REFLECTING ON THE 2015 CILIP CONFERENCE
Written by Martin Mullin, Head of UK Acquisitions. CILIP is the Chartered […]
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A dramatic, revelatory account of the making of a global pandemic-from HIV's astonishing origins in colonial Africa to the current misdirected multibillion-dollar war on AIDS.
In this groundbreaking narrative, "Washington Post" reporter Craig Timberg and Harvard AIDS researcher Daniel Halperin, PhD, recount for the first time how Western colonial powers unwittingly sparked the AIDS epidemic and then fanned its rise. Drawing on remarkable new genetic discoveries, "Tinderbox" overturns the conventional wisdom on the origins of this deadly pandemic and the best means to fight it today.
Recent genetic studies have traced the birth of HIV to the Cameroonian jungle, where chimpanzees carried the virus for centuries without causing a major outbreak in humans. Yet during the Scramble for Africa, colonial powers blazed new routes through the jungle in search of rubber and other riches, sending African porters into remote regions rarely traveled before. It was here, during the age of European conquest, that humans first contracted the strain of HIV that would eventually cause 99 percent of AIDS deaths around the world.
Western powers inadvertently helped turn a localized outbreak into an epidemic as bustling new trade routes, modern colonial cities, and the rise of prostitution sped the path of HIV across Africa. Christian missionaries campaigned to suppress polygamy, but left in its place fractured sexual rules especially hospitable to the spread of HIV. Equally devastating was the loss of the African ritual of male circumcision, which recent studies have shown significantly helps to prevent infection.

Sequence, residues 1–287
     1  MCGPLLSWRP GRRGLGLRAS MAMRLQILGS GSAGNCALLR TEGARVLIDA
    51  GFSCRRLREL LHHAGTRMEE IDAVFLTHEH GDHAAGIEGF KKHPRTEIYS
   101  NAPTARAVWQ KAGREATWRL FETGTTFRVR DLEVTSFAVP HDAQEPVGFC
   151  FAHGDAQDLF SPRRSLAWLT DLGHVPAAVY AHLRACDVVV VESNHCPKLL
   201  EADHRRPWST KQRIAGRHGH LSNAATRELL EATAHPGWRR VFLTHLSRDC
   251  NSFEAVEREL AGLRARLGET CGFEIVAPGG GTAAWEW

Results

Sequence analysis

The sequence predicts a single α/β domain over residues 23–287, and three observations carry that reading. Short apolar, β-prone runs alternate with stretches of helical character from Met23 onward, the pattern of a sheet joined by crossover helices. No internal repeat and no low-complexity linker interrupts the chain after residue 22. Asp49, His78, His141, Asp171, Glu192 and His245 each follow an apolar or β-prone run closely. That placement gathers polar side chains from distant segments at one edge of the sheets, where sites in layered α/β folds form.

The authors argue that the same Western arrogance that marked the colonial era has hamstrung the effort to fight AIDS. From the United Nations AIDS program to the Bush administration's historic effort, the global public health community has favored well-meaning but often ineffective Western approaches-abstinence campaigns, condom promotion, HIV testing- over homegrown African initiatives, and, until recently, ignored potentially lifesaving research about the impact of sexual behavior and male circumcision, which were considered politically incorrect.
In a riveting narrative that stretches from colonial Leopoldville to 1980s San Francisco to South Africa today, "Tinderbox" reveals how human hands unleashed this epidemic and can, therefore, contain it, if only we learn the lessons of the past.
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